CLARK COUNTY —
ANOTHER MEETING, ANOTHER CHANGE ORDER
The deeper workers dig into the Silver Creek bridge, the more expensive it gets.
Work on the Silver Creek bridge, which connects Spring Street in New Albany to Brown Station Way in Clark County, was originally awarded to Gohmann Construction with a bid of $147,215. The commissioners have already approved a change order that puts the price around $217,000, but it turns out they may need to pay even more.
County Attorney Brian Dixon told the commissioners that as Gohmann workers re-sounded the bridge after the top layer of asphalt had been milled off, they discovered more problem areas in the second layer.
The cost for the two outside lanes of the bridge, using the latex overlay approved in the original bid package, will now cost $280,240 to complete if pursued, Dixon told the commissioners. By using a modified asphalt material, the bridge could be resurfaced completely for about $261,000, he said.
The commissioners declined to act, instead opting to table the decision and recess the meeting until Monday at 11:30 a.m. The commissioners expressed concern over the possibility of litigation because of changes to the scope of the project as originally bid out and the increase in cost.
TOLD YOU SO
Perkins, reading from a prepared statement, criticized the commissioners’ decision to transfer $800,000 from the cumulative bridge fund to the rainy day fund to pay for insurance bills, and pointed to the rising cost of the Silver Creek bridge work as evidence that there should have been a reserve for bridge emergencies retained.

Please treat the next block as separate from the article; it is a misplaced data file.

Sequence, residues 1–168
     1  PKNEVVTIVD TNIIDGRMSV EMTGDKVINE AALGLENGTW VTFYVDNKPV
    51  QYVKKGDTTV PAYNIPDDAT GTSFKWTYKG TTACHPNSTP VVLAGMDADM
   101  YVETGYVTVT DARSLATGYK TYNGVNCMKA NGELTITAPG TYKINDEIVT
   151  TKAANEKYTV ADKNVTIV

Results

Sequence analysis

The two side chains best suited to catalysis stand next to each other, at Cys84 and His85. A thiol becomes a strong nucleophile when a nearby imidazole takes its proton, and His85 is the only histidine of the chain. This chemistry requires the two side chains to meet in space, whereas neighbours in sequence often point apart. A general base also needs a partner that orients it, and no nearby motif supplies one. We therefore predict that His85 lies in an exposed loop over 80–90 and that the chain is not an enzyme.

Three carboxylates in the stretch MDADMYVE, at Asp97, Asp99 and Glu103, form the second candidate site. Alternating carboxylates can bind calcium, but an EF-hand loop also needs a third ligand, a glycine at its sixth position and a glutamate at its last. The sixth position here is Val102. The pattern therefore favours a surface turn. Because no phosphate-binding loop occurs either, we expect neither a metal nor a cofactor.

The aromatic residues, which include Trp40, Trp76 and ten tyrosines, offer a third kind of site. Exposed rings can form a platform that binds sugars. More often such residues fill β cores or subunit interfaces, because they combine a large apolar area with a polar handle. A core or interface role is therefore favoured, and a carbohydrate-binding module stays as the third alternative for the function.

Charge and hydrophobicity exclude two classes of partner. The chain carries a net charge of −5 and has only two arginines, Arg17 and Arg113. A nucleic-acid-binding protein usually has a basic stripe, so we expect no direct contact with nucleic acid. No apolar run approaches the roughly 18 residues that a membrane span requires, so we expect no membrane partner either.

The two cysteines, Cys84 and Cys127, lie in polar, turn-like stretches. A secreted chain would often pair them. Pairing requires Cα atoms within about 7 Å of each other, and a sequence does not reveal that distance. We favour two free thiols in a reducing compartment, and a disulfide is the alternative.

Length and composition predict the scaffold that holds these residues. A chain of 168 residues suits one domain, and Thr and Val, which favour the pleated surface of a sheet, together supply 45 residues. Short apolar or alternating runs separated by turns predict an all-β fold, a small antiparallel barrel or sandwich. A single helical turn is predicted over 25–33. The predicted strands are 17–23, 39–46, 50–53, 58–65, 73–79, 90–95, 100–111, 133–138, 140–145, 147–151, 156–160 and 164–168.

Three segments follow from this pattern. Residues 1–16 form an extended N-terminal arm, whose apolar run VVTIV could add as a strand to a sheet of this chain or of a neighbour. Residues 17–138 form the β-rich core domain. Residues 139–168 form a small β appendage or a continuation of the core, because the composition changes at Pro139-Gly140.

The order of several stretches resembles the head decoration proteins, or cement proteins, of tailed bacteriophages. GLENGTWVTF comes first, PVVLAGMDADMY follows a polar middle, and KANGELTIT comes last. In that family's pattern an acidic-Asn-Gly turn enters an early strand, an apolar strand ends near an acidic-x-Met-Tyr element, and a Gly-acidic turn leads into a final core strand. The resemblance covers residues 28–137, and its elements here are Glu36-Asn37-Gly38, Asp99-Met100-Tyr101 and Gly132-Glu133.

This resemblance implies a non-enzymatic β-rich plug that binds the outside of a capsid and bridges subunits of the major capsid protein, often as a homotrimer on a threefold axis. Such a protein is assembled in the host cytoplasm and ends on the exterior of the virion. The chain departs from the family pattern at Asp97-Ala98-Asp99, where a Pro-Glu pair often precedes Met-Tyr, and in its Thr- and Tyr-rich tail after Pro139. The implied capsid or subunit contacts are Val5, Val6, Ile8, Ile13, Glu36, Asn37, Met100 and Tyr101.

“One week to the day of the reversal of the commissioners’ position not to support the county council’s general fund obligations, the commissioners were informed that the longest bridge in Clark County was in much worse condition than had been indicated,” Perkins said. “The initial bid of $147,000 has at least doubled and perhaps more. This fix would at best be temporary and might last approximately five to 10 years.”
Perkins defended the decision of the commissioners to increase the rate of the cumulative bridge fund in 2012, and noted that the fund’s rate had been reduced when the county council implemented a wheel tax, but the commissioners hadn’t restored the bridge fund to its previous rate when the wheel tax was repealed.
“If a previous council had not voluntarily reduced the levy [in 2007], the current county council would have $1.5 million more this year and in subsequent years available for the general fund,” Perkins said. Perkins said that number was provided to him by accountant Jill Oca and financial advisor Dan Eggermann, who works for the county on a contract basis.